Book Review: Hippie Boy: A Girl’s Story

Hippie Boy: A Girl's StoryTitle: Hippie Boy: A Girl’s Story

Author: Ingrid Ricks

Publisher: Ingrid Ricks

Copyright: 10/1/11

Number of Pages: 242 (nook edition)

Reason for Reading: acquainted with the author, interested in the subject matter (Note: my review and opinions are strictly my own, and I purchased my copy of the book.)

Grade: A

I thrashed around, trying to break free from her grasp. Then Earl grabbed me, pushed me backward, and helped Mom pin me to their bed.

“Ingrid, listen to me,” Mom said, her voice suddenly filled with concern. “I think you have Satan inside of you. Earl’s going to give you a blessing.”

They still held me down on the bed,discussing where the sacred ointment was hidden so Earl could use his priesthood powers to bless the evil spirits out of me. Their voices became a muffled jumble around me. My head was pounding and I could hear a single word repeating itself in my mind: Escape. Escape. Escape.

Ingrid Ricks had a rough start to her life. Her parents divorce due to her father’s infidelity, and her father is excommunicated from the Mormon church. Her mother, ever eager to have a righteous priesthood holder ruling over the house, gets remarried to Earl. Earl is a piece of work–he has very unpleasant body odor, due to his refusal to eat anything but meat; he is extremely controlling not only of the children but of his wife; he lies to his wife, who wants to have more children, not telling her until after they are married that he has had a vasectomy. Ricks’s mother, for the most part, meekly yields to Earl’s outrageous demands.

Ricks’s father is a traveling salesman, with an eye to becoming vastly wealthy.  The title of the book comes from her father’s nickname for her, Hippie Boy. She loves going out on the road with him, and in many ways is far more mature than her father. She helps him set and achieve his sales goals when she is with him, and is as much a parent to her father as he is to her.

The story is as much about the Mormon church as it is about Ricks’s family. The patriarchal structure of the religion unfortunately yields itself to situations such as these. Women cannot enter into the highest level of the kingdom of heaven without a worthy priesthood holder to pull them through.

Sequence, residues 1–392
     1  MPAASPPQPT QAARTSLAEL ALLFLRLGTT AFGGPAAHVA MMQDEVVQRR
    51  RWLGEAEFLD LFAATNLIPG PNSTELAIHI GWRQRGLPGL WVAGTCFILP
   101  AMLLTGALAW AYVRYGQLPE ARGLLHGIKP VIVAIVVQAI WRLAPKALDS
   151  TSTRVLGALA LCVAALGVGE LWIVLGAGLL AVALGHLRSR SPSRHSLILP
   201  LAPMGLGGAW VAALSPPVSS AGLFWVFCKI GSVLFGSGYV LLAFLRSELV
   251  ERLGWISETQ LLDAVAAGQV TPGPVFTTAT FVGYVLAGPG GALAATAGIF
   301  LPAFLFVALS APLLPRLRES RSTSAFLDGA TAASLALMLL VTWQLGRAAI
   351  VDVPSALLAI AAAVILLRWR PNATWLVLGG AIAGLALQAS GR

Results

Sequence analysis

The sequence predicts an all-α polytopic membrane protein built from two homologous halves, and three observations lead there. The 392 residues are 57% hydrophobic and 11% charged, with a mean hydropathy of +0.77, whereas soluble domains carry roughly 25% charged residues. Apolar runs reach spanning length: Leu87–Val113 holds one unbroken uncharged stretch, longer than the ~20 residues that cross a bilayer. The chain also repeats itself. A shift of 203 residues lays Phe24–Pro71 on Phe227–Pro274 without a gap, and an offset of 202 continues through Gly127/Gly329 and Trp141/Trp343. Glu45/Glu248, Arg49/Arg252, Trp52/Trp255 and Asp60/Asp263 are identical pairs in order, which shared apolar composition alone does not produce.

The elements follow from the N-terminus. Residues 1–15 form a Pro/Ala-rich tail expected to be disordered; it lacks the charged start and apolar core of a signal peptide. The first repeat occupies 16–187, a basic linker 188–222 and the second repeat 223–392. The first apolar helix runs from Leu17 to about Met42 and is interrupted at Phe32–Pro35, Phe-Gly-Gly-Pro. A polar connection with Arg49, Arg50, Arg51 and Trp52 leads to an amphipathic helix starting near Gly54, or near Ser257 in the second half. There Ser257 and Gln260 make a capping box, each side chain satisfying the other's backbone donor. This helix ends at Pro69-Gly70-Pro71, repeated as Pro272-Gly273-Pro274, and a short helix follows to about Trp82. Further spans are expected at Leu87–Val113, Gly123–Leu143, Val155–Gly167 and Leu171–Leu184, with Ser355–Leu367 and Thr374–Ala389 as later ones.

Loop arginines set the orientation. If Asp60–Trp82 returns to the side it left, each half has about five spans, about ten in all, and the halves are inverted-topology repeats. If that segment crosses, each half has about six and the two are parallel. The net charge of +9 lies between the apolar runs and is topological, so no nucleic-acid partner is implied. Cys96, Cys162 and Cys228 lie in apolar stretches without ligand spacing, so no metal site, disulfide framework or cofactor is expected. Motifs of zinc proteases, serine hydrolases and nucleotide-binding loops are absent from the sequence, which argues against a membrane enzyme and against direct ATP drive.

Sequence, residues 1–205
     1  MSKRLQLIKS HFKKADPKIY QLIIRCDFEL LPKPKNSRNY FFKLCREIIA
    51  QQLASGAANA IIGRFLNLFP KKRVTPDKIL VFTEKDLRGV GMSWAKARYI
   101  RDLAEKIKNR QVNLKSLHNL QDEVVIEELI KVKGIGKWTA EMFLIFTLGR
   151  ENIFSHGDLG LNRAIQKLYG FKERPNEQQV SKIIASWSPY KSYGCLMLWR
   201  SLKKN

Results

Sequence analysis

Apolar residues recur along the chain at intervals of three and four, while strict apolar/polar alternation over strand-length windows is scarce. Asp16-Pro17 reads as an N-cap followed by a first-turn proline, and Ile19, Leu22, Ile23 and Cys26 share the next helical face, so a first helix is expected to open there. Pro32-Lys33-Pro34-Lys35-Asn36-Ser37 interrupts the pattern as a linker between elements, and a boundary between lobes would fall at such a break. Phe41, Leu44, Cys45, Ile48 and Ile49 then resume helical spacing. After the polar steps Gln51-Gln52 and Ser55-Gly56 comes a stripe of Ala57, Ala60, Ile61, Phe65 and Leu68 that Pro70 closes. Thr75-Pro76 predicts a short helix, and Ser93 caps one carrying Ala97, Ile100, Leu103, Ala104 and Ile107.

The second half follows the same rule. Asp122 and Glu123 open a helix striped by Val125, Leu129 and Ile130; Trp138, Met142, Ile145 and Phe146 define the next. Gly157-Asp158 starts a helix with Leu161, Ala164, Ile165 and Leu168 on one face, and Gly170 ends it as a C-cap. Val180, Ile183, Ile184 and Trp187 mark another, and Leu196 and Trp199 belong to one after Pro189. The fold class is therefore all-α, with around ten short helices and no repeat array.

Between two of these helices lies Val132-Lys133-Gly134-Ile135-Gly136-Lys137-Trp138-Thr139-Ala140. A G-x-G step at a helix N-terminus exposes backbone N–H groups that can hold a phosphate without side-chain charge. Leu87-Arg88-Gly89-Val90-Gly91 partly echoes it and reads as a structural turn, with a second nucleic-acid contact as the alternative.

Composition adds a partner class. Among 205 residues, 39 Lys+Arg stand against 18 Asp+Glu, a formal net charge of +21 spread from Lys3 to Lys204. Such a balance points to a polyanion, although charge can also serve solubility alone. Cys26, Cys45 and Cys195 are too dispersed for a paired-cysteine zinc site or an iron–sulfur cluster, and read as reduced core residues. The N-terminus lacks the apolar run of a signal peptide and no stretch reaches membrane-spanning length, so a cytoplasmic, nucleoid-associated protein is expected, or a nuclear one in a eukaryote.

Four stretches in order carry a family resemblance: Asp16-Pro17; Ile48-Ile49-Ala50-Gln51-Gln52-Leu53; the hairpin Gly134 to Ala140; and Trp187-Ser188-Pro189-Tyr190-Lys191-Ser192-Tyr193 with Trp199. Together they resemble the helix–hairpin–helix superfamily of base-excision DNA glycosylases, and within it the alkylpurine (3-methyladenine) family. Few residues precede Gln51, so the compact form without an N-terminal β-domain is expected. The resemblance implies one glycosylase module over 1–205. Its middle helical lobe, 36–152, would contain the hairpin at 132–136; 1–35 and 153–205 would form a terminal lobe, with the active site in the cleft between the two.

It’s a good book. Ricks’s writing style immediately engages the reader, and you find yourself pulling for her from the start.


About a thinker

I am. And today, that's good enough.
This entry was posted in Memoir, Nonfiction, Posts by Faith and tagged , . Bookmark the permalink.

5 Responses to Book Review: Hippie Boy: A Girl’s Story

  1. This one is going on my list! It reminds me of the kinds of families that horrify me, but that I can’t stop reading about…kind of like watching a train wreck.

    Thanks for sharing.

  2. izzybella says:

    It’s interesting to me to read stories of how people can recover from abuse like that. Difficult subject matter!

    • ingridricks says:

      Thanks for your comment, Izzybella. I think resilience is human nature but I also know I was fortunate to have an escape route by spending my summers as a tool-selling vagabond on the road with my dad. And life on the road ultimately taught me that I could take care of myself and had the power within me to face my challenges head on (huge life lesson).

  3. ingridricks says:

    What a nice surprise to wake up to this review of Hippie Boy. Thank you so much for buying, reading and then sharing your thoughts about it. I’m so glad you enjoyed the book and really appreciate this write up about it. Best, Ingrid

  4. It is difficult subject matter, definitely. But Ingrid definitely pushes through and rises above it. I think you’d really like it.

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